Sunday, January 16, 2022

Once Upon a Wardrobe by Patti Callahan


This story will be enjoyed by those who loved C.S. Lewis' books about Narnia and The Lion, The Witch and the Wardrobe.  As someone who hasn't read those books in decades I realized you didn't need the background to be entertained by this narrative.

The story begins in 1950, location Worcester and Oxford England. Young George Devonshire is a frail little boy with a heart condition.  He is completely besotted with Lewis' book The Lion, The Witch and The Wardrobe and wants desperately to know if Narnia is real.  He will occassionaly climb into the wardrobe in his room and sit, imaging the world outside and a life he'll never have chance to know.

His older sister Megs is a mathmatics and physics student in Oxford and doesn't think beyond mathmatical probabilities - it's either right or wrong. Fantasy and imagination never cross her mind with any serious thought.  

One thing for sure, Megs loves her little brother very much and rushes home from college to be with him each weekend and break. As she is reading to him one day George asks if she will approach Mr. Lewis and ask where the stories about Narnia came from.  Is it real? Where did the inspiration come from? Megs has been to a lecture of Mr. Lewis but is reluctant to approach him with this request.  Loving George so much she risks it as it's his dying wish.  From there - what a wonderful story this becomes.  

Megs is invited into the home called The Kilns, the residence of Warnie and Jack Lewis. (Jack is C.S. Lewis) and the story unfolds from there.  It's a nesting doll of stories

There is saddness in this story but it's also wonderfully rich with details aout Lewis' life from boyhood to present. Adventure seen through a child's eyes and some very imaginative adults.

I want to thank Katherine at I Wish I Lived in a Library for recommending this book.  It was one her favorites from 2021

Sharing with:
Joy's Book Blog for British Isles Friday
The Intrepid Reader for the 2022 Historical Fiction Reading Challenge

Monday, January 10, 2022

Stonehenge: The Story of a Sacred Landscape by Francis Pryor

This book about Stonehenge caught my attention at the library and it's been an interesting narrative overall. I won't lie, there are some dry parts to this book but the stories I found interesting are the discoveries of grave sites, historical excavations and carbon dating.

Stonehenge has been a fascination of mine since I was a teen.  My husband, son and I were fortunate enough to take a vacation over a decade ago and visited Stonehenge twice. Highlight of the trip!

The fact that the stones come from Wales and other areas in England show that the stone was not constructed for practical purposes with straightforward business motives. If that were the case, stones would have been sourced as locally as possible. It was far more complex and a place of gatherings for many "tribes" and communities from all over England.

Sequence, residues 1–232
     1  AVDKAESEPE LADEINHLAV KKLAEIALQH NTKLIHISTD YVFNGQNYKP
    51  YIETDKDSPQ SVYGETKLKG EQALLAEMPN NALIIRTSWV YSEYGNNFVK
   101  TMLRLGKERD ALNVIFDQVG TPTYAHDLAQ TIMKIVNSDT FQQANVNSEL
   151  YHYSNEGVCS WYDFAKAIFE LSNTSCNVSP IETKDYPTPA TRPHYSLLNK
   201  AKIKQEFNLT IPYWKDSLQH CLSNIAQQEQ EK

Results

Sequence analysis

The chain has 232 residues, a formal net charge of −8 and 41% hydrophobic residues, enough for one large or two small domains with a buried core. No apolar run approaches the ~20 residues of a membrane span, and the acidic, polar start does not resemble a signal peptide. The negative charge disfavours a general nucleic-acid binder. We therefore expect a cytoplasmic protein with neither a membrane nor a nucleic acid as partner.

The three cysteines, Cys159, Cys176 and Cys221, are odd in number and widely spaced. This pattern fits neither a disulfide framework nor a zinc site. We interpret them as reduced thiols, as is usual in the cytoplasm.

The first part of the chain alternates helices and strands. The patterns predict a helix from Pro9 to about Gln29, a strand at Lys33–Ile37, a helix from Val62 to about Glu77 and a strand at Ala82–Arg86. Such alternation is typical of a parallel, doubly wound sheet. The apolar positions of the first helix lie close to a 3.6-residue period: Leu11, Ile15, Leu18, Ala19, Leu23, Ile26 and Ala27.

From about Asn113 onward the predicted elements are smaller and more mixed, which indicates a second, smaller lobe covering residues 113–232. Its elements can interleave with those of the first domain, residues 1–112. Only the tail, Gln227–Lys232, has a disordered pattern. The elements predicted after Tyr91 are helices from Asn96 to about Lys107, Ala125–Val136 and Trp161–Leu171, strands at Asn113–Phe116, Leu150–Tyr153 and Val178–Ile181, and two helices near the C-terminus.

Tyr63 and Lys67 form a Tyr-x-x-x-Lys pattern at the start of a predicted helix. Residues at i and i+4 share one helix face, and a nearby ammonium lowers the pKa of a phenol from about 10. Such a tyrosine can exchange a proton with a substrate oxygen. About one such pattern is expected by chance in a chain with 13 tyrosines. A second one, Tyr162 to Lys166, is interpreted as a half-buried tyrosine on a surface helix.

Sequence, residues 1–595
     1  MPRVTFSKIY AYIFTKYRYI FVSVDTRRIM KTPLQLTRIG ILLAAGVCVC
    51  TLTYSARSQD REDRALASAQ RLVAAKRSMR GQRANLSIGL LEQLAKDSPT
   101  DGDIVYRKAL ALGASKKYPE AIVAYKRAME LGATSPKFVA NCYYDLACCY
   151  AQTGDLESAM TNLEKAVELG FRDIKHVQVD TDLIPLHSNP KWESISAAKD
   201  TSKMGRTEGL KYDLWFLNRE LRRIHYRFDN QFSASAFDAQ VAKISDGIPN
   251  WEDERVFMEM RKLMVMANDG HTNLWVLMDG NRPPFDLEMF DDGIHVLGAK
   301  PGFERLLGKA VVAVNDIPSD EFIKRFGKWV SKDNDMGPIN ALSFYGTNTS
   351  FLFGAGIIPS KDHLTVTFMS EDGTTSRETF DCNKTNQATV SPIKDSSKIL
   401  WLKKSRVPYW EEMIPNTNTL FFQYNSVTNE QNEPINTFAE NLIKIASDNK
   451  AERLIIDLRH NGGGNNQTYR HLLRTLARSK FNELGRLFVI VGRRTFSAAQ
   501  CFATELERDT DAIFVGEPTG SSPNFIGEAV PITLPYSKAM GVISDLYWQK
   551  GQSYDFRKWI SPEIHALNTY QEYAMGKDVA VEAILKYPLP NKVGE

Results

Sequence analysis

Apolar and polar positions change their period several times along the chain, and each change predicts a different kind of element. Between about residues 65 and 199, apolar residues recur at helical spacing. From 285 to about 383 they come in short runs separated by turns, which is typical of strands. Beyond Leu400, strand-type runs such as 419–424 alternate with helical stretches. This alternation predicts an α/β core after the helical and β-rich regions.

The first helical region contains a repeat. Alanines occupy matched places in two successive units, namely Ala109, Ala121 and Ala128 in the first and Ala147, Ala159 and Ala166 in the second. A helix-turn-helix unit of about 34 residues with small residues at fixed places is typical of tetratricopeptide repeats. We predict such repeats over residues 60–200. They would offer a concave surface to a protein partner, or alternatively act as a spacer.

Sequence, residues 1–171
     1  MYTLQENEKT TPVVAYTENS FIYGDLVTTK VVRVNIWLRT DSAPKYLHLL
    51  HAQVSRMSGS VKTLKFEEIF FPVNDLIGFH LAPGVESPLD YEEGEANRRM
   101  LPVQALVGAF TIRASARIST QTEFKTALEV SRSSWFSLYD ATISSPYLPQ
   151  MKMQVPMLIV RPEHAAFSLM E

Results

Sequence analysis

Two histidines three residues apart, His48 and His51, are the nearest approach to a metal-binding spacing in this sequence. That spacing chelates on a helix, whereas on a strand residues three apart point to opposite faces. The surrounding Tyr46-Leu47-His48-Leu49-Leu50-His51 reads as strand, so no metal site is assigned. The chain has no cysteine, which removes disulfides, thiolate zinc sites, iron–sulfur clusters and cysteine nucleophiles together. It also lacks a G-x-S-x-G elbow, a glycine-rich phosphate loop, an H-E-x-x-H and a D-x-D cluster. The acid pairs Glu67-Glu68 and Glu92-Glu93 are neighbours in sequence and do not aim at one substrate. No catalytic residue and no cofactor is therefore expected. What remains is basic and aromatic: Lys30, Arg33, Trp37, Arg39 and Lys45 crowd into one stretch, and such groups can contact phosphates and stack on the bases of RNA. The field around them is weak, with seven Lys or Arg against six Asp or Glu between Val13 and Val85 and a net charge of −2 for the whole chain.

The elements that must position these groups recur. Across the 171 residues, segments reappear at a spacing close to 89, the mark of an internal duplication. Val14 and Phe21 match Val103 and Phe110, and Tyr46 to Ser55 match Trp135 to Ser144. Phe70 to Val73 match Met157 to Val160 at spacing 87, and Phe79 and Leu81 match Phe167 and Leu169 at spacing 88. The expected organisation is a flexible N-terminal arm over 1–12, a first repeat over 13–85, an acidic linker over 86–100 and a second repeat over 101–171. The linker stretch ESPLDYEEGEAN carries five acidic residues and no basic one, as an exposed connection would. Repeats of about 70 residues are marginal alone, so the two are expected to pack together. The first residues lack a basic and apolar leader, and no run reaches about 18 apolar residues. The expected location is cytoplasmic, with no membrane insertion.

Near Stonehenge at Amesbury Archer a discovery of  three males, apparently related, were buried in nearby graves. Human teeth do most of the growing during childhood,  therefore the composition of the enamel will reflect the water a child drinks. Experts were able to find where they came from through their teeth.  The oldest male came from Germany but a younger male's teeth revealed he grew up in Southern England - his teeth showed he drank water from the chalklands.

In 1978 during an excavation they came upon burial mounds. They found the body of a man with his legs bent and one arm across the chest. The time period could be estimated because of the distinctively shaped arrowheads found. These arrows entered his chest from three different sides of his body. This would seem to imply someone protecting Stonehenge and shooting at the intruder.  I think it’s also amazing they can do radiocarbon dates and therefore knew this body was buried somewhere between 2400 and 2140 BC.

These are just a few interesting facts I read in this book by Francis Pryor. If Mike Biles,  who writes at A Bit About Britain, wrote a book about Stonehenge I would be very interested to read that book.  Historical narratives can be very engaging depending on the author and style.

Sharing with
Category: Geography

Thursday, January 6, 2022

Rock Paper Scissors by Alice Feeney


Mr. and Mrs. Wright have a problem with their marriage. They also have secrets from each other that, I'm certain, doesn't help the issues they face in their failed relationship.

Adam and Amelia Wright have been married ten years.  Amelia works at a dog rescue organization at Battersea.  Adam is a writer and adapts books to movie scripts.  He wrote a script called Rock Paper Scissors which he hoped would be a successful screenplay but it's never made into a movie. He spends his days adapting other authors' work into films.

Adam also suffers from a condition called Prosopagosia which is also called face blindness. When I read that bit I was certain the author had made up that medical condition but sure enough, it's quite real.  Those who suffer from this condition can not recognize faces at all - their loved ones or anyone.  They cope by learning a scent, perfume or the way someone walks. This is important in developments of this thriller.

Amelia, unbeknownst to Adam, writes a letter to him every year on their anniversary where she pours her heart out about her love, her hopes and her frustrations with him being a workaholic.  She never gives him the letters but through this you get the core of their failings with one another.

Then Amelia wins a trip to a remote getaway in the wilds of Scotland.  Blackwater Chapel is so remote the phones do not work and there is absolutely nothing near them. No stores, petrol stations or homes.  It's a windy, snowy stormy night when they finally arrive, bickering most of the way.  It's the last chance to save the marriage by getting away and having time together. 

So, here is where I looked up the genre of the book because I do not like horror, at all.  It isn't.  They arrive and the chapel door is locked.  They walk around the building and when they come back, the door is open.  Creepy.  Inside there is a dust coating on the bench in the foyer. Adam gets the lights on and Amelia sees a smiley face traced in the dust on the bench.  Amelia asks Adam is he did it but he claims he did not. The lights go out after Amelia is in a wine cellar, a face appears in the frosted  stained glass window, their very clean guestroom has the exact furniture and decoration as they have in their London home.